Citizens’ CEO: Policy contract policy changes, Citizens commitment does not
toukokuuta 27, 2016 - Tallahassee
With the 2016 hurricane season set to begin Wednesday (June 1), it’s a good time for all Florida property owners to review their insurance coverage to make sure it continues to adequately protect themselves, their families and their most valuable investment.
There are some important policy contract changes coming up for Citizens multi-peril residential policyholders starting July 1. These changes will not diminish Citizens’ commitment to policyholders following an insured loss, but do require policyholders to engage us early in the process to ensure their claims are quickly and completely handled.
The new policy contract will affect policyholders most directly in regard to emergency services and the timing of permanent repairs.
In case of a loss to covered property, the revised policy contract requires policyholders to take emergency measures to protect insured property from further damage. Emergency measures only include what is reasonable and necessary to secure the home and prevent further damage, and may not exceed the greater of $3,000 or 1 percent of the dwelling’s insured value, unless Citizens approves additional measures.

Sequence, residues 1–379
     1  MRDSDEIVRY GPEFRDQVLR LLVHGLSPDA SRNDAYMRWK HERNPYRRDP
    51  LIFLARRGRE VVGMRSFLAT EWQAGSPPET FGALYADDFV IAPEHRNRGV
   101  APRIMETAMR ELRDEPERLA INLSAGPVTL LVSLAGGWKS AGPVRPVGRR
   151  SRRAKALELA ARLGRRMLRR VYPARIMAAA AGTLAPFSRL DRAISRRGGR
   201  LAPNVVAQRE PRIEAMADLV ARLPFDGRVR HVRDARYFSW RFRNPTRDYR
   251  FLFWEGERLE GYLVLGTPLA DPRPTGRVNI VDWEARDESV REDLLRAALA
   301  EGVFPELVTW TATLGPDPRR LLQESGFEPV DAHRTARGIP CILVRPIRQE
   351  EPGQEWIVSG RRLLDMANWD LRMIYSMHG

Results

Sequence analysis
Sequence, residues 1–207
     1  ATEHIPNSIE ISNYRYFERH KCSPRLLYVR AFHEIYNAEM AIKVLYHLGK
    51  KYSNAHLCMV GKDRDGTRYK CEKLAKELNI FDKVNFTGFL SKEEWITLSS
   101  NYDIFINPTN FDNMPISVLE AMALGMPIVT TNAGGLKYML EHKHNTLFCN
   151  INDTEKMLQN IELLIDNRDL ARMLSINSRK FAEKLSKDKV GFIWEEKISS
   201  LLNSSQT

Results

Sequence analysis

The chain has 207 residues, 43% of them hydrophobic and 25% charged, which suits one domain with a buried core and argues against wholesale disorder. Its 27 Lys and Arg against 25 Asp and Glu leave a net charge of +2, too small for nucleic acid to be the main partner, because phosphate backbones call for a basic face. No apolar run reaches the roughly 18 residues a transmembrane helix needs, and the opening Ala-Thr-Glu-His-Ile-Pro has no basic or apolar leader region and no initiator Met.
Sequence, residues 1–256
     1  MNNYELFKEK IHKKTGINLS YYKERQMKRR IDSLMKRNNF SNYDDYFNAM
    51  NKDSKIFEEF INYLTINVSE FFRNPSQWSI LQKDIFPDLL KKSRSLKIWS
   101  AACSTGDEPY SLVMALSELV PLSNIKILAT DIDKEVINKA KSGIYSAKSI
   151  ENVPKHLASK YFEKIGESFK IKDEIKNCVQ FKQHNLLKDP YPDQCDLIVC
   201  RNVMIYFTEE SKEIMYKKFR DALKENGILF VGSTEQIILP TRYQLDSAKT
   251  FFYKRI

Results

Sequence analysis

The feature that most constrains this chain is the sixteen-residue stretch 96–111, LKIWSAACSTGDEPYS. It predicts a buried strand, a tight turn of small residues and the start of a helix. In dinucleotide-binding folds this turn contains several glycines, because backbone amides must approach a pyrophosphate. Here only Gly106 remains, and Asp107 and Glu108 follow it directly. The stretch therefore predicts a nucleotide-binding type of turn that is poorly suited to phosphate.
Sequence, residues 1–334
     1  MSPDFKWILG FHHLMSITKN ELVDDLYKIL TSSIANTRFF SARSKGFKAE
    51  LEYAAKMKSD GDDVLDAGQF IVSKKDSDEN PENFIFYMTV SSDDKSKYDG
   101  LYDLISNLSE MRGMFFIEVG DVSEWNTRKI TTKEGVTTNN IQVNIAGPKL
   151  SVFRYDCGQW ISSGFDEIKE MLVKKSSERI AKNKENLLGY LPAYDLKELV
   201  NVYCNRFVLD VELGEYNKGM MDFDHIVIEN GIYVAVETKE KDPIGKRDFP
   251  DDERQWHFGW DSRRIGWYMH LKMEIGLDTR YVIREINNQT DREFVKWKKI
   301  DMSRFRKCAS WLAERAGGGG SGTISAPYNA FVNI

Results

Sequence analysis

Secondly, to ensure that Citizens has the opportunity to inspect the damage and confirm coverage, the revised policy restricts when most permanent repairs can begin. There may be no coverage for permanent repairs that begin before one of the following occurs: 72 hours after the loss is reported to Citizens, the loss is inspected by Citizens, or verbal or written approval is provided by Citizens.
Rest assured, protecting policyholders after a loss remains our top priority. Citizens is in the best financial shape since its creation in 2002. We can handle a 1-in-100 year hurricane and then some. The contract changes, we hope, will help us better control non-hurricane related losses, now the single biggest driver in determining rates.
The bottom line is that recent spikes in water loss claims in South Florida and increased abuse of assignment of benefits will require that Citizens seek higher rates for most South Florida policyholders even though there has been no hurricane activity there in more than a decade. Rate reductions we had planned on offering policyholders in other parts of the state may have to be put on hold as the problem spreads.
The only way we can significantly reduce the need for higher rates is to make sure that we pay legitimate claims quickly while preventing unnecessary repairs and reducing litigation costs.
We’re trying to do our part. The Call Citizens First campaign is getting the word out to policyholders through its website, policy ID cards, brochures, and direct mail pieces – even refrigerator magnets. Those efforts will continue but we need your help. Have a claim? Call Citizens First.
President, CEO and Executive Director
Citizens Property Insurance Corporation
In 2002, the Florida Legislature created Citizens Property Insurance Corporation (Citizens), a
not-for-profit alternative insurer, whose public purpose is to provide insurance to, and serve the needs of, property owners who cannot find coverage in the private insurance market.